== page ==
FIG. 2A illustrates five logical volumes of N data blocks each. Each volume, V1 -V5, is recorded onto a corresponding piece of media, Disk1-Disk5, as part of a RAID-4R array. Each volume is independent of the other volumes in the array and is fully self-describing. A sixth piece of media, Disk6, contains parity blocks P1 -PN, derived from the blocks of data in the corresponding parity groups.
FIG. 4A illustrates a RAID array 400 with a suggested media format in which data (user data or parity) is recorded in a data area 402 and data update information is recorded in a delta list area 404 of each piece of media, such as media 410, in the array 400. Parity group 2 is comprised of data blocks B1-2 -B5-2 and parity block P2. When a data block, such as data block B2-2 on the second piece of media 410, is to be modified, the media 410 can be retained in the library 300 or it can be exported, as shown, from the library 300 and mounted in a workstation 360 which is separate from the library 300. After the data block B2-2 has been modified, the delta list 404 on the media 410 is created, and recorded on the media 410, identifying those blocks on the media which were modified (in this illustration, only B2-2 would be identified in the delta list 404). If the media 410 had been exported from the library 300, it can subsequently be returned to the library (FIG. 4B). All of the other media in the parity group, including the media 412 on which the parity block is located, are mounted in the drives 304. The controller 308 directs that the modified data block B2-2 ' and the corresponding data blocks B1-2 and B3-2 -B5-2 on the other media be read and a new parity block P2 ' be calculated and recorded. By employing the delta list, it is not necessary for all of the data blocks on all of the media to be read or for all of the parity blocks to be recalculated as would be required in a conventional RAID-4 system; only those parity blocks corresponding to modified data blocks need to be modified.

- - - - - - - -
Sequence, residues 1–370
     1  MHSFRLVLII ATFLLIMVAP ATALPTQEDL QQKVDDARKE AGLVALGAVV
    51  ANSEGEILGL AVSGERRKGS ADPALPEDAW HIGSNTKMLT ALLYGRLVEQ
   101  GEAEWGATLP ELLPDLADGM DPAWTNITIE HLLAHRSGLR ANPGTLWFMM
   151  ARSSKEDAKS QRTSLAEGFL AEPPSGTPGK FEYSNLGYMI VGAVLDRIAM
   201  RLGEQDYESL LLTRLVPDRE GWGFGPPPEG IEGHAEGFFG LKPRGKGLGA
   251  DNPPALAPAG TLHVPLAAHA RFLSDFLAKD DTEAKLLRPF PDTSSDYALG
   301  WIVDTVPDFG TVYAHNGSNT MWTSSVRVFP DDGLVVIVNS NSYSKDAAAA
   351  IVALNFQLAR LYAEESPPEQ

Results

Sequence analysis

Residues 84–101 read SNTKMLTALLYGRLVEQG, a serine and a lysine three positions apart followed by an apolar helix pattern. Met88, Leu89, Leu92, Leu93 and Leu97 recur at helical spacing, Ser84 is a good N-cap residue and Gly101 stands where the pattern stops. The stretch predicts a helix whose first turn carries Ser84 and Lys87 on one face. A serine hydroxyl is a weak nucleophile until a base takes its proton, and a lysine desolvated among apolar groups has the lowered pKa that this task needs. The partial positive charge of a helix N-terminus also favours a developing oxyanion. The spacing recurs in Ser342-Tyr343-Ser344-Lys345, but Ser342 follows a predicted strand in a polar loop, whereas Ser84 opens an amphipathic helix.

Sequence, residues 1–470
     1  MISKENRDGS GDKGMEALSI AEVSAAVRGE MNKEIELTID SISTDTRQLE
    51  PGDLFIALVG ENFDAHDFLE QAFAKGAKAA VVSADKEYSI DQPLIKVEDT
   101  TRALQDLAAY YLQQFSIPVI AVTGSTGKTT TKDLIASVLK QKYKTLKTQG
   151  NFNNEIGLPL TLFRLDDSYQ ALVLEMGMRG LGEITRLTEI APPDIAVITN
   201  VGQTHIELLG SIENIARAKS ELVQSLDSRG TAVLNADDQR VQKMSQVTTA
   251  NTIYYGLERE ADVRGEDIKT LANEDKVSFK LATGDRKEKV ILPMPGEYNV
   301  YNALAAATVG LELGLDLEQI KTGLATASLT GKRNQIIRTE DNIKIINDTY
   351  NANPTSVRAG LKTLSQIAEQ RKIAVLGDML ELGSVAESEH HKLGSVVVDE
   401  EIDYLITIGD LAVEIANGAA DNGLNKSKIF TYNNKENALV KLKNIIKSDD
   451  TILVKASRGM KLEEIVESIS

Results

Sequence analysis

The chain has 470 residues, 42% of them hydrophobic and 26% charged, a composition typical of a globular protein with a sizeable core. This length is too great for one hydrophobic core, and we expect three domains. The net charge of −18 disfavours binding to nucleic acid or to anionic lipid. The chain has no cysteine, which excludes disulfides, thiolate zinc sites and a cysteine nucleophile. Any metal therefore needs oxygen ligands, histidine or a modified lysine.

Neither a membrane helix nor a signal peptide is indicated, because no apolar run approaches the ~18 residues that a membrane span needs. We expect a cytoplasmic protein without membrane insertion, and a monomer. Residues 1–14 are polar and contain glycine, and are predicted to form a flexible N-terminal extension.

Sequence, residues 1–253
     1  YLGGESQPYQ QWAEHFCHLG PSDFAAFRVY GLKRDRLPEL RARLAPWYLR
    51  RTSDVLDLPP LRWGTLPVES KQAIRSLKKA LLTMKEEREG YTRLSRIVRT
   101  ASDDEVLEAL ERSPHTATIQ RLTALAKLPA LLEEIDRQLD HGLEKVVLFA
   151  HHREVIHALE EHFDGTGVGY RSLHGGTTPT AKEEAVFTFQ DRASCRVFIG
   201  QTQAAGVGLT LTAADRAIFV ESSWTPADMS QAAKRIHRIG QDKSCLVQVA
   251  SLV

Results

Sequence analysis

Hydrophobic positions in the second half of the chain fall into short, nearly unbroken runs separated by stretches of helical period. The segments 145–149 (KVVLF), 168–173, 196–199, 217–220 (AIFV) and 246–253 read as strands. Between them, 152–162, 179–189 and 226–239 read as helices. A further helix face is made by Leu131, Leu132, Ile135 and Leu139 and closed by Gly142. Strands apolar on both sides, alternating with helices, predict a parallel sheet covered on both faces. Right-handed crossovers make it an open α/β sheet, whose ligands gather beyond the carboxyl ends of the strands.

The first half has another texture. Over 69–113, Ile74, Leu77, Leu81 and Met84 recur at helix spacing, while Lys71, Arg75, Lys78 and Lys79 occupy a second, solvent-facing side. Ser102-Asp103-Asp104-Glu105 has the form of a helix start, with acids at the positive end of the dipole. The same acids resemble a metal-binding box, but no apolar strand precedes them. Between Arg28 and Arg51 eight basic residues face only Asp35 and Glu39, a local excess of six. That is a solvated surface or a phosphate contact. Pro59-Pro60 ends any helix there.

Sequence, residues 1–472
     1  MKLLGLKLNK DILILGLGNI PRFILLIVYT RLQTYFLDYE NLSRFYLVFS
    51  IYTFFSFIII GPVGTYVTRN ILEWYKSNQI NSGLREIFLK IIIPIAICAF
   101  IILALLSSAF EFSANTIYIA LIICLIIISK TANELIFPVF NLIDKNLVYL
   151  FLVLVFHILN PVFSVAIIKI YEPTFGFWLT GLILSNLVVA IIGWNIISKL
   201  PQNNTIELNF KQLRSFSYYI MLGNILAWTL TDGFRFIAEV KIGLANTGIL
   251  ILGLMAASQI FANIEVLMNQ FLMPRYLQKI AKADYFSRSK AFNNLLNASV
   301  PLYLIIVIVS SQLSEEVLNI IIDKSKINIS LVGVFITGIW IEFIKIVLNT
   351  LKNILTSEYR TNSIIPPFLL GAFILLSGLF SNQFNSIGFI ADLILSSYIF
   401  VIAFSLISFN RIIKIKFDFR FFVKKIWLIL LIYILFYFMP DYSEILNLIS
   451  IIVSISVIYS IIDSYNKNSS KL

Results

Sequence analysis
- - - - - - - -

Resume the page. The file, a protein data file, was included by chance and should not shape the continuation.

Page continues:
Media mounting time is reduced further in another embodiment (array 500 in FIGS. 5A and 5B) by establishing a bit map 504 indicating which bits were changed in the modified data block B2-2 ' on the media 510 (see also FIGS. 7A and 7B). When the parity block P2 is to be updated, only the modified media 510 and the parity media 512 need to be mounted (FIG. 5B). (The modified media 510 and the parity media 512 can be mounted in the library 300 or both can be mounted in the stand-alone workstation 360.) By examining the bit map 504 on the modified media 510, the controller 308 (or the workstation 360) can then selectively change only those bits in the parity block P2 which correspond to changed bits in the modified data block B2-2 '. The remaining media in the parity group does not have to be mounted.